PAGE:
Step kick, step kick, turn, reach up, drop to your—oooouccchhhh!—knee. Put it on record: I strained my hamstring by kneeling on the ground, practicing the routine for a class of 6-year-olds. Really, it’s just comical…except that it hurts. A lot.


I know what you’re thinking: “Jenny, didn’t you learn your lesson last year, when your class was learning grand jeté and you thought it was a great idea to show your students what the actual step looks like—despite your hip labral tear and not being all that warm?” You’re right. Leaping full-out to impress my class was not a good idea. In fact, it was just silly.


This, I thought, was different. I warm up with my kids—I do the stretching, pliés, relevés and all that jazz. I mean, we’re not practicing fouettes in this class; I don’t lift my legs past 45-degrees and I don’t jump.


But I’ve certainly learned my lesson. A week of not walking up or down stairs comfortably has truly showed me the importance of warming up on my own before class. Any class, at any level. The studio is cold and I’m getting older—I’m not indestructible.


So I offer this advice: WARM UP! I hurt myself simply by bending down to one knee; I am sure there are easy actions lurking around the corner that can put you out of commission for some time, too. Even when you don’t think it’s necessary, it is.


If you’re looking for a new pre-class routine, check out this article by Debra Vogel. It’s geared for students, but the exercises are perfect for us, too.


Also, here’s a checklist of ten easy ways to make sure you stay at your optimal level, always.




Photo from Principles of Anatomy and Physiology. Take time stretching your hamstrings—the muscle group affects so much more than just the back of your leg. We're talking your hip, knee, back, pelvis, feet—everything. Don't be fooled by your students' (or your) high extensions—most likely their hamstrings are still tight, especially if they're hyperextended. Stretch 'em out!


The Feldenkrais Method is a somatic technique created by Moshe Feldenkrais in the 1950s. The method has two parts: hands-on sessions with a Feldenkrais teacher (Functional Integration) or group classes comprised of verbal cues (Awareness Through Movement).

Mary Armentrout, a dance teacher, choreographer and Feldenkrais practitioner, shares three ways that this somatic practice can bolster your students' training.

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Your Studio

Oversexualizing young kids has been a hot topic among dance teachers in recent years. It's arguably the most controversial topic teachers and studio owners are faced with. Deciding which choreography, music or costumes are appropriate—or not—isn't always black and white and can be easily overlooked. Is showing the midriff too much for minis? Is this choreography too provocative? Is this popular song too suggestive for a competition piece? The questions can seem endless with no clear objective answers. Until now.

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To make dancers stronger and less injury-prone, Burns Wilson suggest adding floor barre or conditioning classes. Photo courtesy of Burns Wilson

With a career spanning 30-plus years in the dance field, Anneliese Burns Wilson has cultivated a unique perspective on health and injury prevention for dancers. From teaching ballet to teaching anatomy, she then founded ABC for Dance, which publishes dance-teaching materials. Now through research for her next book, which will focus on training the female adolescent dancer, she's delving even deeper into topics many dance teachers have overlooked.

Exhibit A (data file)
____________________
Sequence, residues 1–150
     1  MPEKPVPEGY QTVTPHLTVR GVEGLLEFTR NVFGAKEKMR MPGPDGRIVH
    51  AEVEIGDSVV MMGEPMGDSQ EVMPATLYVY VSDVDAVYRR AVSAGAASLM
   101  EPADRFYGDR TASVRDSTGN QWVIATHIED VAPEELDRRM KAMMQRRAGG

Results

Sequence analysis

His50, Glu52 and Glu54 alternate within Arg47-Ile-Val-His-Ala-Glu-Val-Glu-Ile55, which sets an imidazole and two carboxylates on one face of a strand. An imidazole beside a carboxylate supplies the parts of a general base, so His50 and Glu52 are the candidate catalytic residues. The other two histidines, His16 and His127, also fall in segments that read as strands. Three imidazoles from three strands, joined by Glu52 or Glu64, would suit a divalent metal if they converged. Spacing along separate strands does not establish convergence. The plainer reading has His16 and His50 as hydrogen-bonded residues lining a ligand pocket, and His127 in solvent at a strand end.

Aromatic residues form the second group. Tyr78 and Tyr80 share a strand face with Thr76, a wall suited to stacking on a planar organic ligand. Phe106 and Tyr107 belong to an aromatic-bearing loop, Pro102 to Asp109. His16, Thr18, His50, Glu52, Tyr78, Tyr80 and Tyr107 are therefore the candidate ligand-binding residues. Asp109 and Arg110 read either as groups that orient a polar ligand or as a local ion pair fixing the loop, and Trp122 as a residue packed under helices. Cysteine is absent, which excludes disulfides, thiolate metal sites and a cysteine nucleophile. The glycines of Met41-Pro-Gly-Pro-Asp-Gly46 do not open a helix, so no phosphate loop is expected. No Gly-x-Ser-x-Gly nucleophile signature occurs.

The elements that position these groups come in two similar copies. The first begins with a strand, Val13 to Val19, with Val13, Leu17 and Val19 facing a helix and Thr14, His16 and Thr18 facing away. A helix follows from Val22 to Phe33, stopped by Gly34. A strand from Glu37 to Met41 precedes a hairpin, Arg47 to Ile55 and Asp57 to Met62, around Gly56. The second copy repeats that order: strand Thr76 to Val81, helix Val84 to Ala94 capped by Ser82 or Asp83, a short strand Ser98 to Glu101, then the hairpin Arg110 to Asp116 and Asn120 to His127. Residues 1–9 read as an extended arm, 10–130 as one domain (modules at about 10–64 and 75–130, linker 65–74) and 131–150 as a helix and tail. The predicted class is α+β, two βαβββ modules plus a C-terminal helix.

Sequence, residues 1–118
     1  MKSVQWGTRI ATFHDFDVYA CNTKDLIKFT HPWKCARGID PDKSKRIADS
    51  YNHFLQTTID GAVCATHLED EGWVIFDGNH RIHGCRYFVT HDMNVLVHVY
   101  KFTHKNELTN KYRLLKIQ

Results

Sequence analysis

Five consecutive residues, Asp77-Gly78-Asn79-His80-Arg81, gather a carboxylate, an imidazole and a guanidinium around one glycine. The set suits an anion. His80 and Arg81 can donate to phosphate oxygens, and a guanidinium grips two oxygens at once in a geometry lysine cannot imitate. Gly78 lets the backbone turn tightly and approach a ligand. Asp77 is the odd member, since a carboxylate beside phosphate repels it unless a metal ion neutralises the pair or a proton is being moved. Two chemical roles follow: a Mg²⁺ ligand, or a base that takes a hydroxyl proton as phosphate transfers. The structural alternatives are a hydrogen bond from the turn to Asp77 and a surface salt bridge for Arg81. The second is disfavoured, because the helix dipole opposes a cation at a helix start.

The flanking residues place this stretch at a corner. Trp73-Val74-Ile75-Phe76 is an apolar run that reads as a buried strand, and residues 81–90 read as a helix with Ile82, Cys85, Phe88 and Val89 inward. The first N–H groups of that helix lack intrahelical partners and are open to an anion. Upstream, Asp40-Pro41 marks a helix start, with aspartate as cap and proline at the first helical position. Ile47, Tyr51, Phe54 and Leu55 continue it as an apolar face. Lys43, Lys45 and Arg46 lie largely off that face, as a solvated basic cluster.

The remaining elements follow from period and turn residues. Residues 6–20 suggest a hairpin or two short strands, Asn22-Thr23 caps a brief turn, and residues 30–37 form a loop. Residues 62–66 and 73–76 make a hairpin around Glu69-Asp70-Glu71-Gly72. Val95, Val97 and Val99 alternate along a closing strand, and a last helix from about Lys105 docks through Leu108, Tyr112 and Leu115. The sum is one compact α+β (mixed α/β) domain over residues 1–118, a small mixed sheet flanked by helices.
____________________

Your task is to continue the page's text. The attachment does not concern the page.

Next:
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Erdmann (left) on set for "Hairspray Live" (courtesy of Erdmann)

When Wicked ensemble member Kelli Erdman was training at Westlake Dance Center in Seattle, Washington, her teacher Kirsten Cooper taught her that focussed transitions would be pivotal to her success as a dancer. Now as a professional, she applies this advice to her daily performances, asserting that she will never let the details of her dancing get blurry.

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Khobdeh dancing Taylor's Speaking In Tongues. Photo courtesy of PTDC

For Parisa Khobdeh, music does more than set the tone for a piece—it's enabled her to connect with movement. And once she joined Paul Taylor Dance Company in 2003, Taylor's body of work deepened this connection. "His choreography showed me the music, the architecture and the space," she says. "I now see the music."

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Dance Buzz

We haven't been able to stop watching Lil' Mushroom since she popped and locked her way into Ellen's heart last week. We know you've got a long night of teaching ahead, and this is the dance inspiration you need to get you through. Check it out and tell us what you think about her killer moves over on our Facebook page! (She starts blowing minds at about 2:16.)

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Because the chassé is often neglected during the execution of this traveling step, Judy Rice asks her students to do a minimum of a six-inch chassé before transitioning into the pas de bourrée. She encourages dancers to pay close attention to their shoulders and hips in effacé, too. "Kids tend to open it up. They look like they're fencing," she says. "You don't want that." Both shoulders and hip bones should be facing the corner.

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